Fragments of this music will jog the memories of many — the gorgeous “Variazioni” movement of the Capriccio has one of the most famous melodies in classical music. The performances here are excellent, recorded as Gerard Schwartz’s 25+ year tenure as music director of the Seattle Symphony came to a close. Under Schwartz, the orchestra became one of the major regional symphonies in the country, playing at a high level and emphasizing luminous color — another fine disc to hear is their new release of the Borodin Symphonies 1–3. The partnership also produced an important series of recordings of American orchestral music on the Delos label, which Naxos is now in the process of reissuing, including recent reprints of two benchmark CDs of symphonies from Howard Hanson. All the elements of superb music-making are here; musical phrasing, sensitive dynamics and modulations of tempo, drive and conviction. Concermaster Maria Larionoff and Principal Horn John Cerminaro are especially fine. Recommended.
Fabian Almazan has been receiving enough publicity this fall to inspire envy in many a peer. A lot of it is deserved, his debut release, Personalities (available digitally, or pre-order the CD), is one of the more interesting and promising jazz CDs of the year. It’s not perfect, and doesn’t completely fulfill its possibilities, but the open-ended, questioning nature of the music is refreshing.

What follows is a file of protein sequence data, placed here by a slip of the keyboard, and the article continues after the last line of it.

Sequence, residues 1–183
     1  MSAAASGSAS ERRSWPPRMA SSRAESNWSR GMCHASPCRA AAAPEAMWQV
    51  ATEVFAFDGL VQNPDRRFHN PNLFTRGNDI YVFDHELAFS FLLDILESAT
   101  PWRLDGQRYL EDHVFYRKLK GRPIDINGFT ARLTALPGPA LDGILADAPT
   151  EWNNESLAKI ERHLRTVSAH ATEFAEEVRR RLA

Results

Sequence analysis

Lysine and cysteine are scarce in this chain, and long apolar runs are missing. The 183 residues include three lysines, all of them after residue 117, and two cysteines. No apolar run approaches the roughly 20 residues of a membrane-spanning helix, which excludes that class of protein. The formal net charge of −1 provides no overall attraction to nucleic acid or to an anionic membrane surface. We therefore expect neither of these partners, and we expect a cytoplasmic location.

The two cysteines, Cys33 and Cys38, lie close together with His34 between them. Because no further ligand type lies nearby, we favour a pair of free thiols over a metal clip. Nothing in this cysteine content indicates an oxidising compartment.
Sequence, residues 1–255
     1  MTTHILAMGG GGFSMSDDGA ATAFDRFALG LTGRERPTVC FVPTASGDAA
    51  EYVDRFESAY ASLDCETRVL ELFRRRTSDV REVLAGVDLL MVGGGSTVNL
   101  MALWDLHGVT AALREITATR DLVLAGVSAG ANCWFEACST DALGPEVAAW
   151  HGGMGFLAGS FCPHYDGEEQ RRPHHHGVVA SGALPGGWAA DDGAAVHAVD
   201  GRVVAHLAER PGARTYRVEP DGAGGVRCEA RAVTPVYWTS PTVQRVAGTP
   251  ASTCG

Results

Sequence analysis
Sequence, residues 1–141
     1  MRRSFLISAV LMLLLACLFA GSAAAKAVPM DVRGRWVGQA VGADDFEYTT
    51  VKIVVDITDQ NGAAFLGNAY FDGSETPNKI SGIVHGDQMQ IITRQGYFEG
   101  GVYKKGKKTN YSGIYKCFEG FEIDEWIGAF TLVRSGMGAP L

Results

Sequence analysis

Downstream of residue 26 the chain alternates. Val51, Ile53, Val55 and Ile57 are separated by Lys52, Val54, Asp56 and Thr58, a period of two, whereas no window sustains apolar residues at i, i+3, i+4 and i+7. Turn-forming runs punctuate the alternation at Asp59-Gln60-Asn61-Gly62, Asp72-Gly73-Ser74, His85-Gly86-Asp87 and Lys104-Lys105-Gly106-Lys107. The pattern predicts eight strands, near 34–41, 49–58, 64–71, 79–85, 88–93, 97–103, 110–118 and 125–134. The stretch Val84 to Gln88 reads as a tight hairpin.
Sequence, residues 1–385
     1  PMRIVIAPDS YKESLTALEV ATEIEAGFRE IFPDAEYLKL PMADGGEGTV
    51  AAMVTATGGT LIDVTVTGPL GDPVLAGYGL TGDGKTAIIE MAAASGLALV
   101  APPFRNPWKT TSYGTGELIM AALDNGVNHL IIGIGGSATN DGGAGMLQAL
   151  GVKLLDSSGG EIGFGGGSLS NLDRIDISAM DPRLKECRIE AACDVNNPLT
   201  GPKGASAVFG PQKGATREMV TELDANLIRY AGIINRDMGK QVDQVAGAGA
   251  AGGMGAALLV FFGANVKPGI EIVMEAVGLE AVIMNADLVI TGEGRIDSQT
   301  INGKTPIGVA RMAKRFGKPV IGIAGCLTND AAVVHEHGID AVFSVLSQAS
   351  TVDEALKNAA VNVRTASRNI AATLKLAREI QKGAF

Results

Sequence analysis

Alamazan rounds out his trio with Linda Oh on bass and Henry Cole on drums, and plays some tasty electric piano as well as the acoustic instrument. He’s also joined at times by a string quartet, opening the CD by playing an arrangement of the “Adagio” movement from Shostakovich’s String Quartet No. 10. These are the two elements that obviously stand out, and they are both intriguing and distracting. The Shostakovich arrangement passes the music between Almazan and the strings, the former playing with some freedom, the latter taking it straight. There’s also some electronic processing laid on, for no apparent reason and without much effect. What’s winning about the arrangement is that, except for the technology, he doesn’t do too much with material that is already great. Of course, the problem with opening with Shosty is he’s a tough act to follow.
Almazan hangs in there pretty well, and it may be an odd criticism to say that the rest of the CD is very fine contemporary jazz, with a sense of shape to the tunes and wonderful playing from the trio. But the opening track opens a door into a passage of great, unsettling, exploratory musicianship from which the rest of the disc turns away. There’s great lyricism, and an evocative melancholy which touch the heart and the mind. Like the previous two discs, there’s a solidity, a sense of seriousness without too much heaviness. As the music is Alamzan’s responses to important people in his life, there’s a bitty feeling that is at odds with the sense of composition — the group is playing pieces, not tunes. But once the ears are inside each piece, the music is completely winning. “H.U.G.S” and “The VIcarious Life” are two of many excellent tracks. Slightly frustrating, yes, but compelling … absolutely.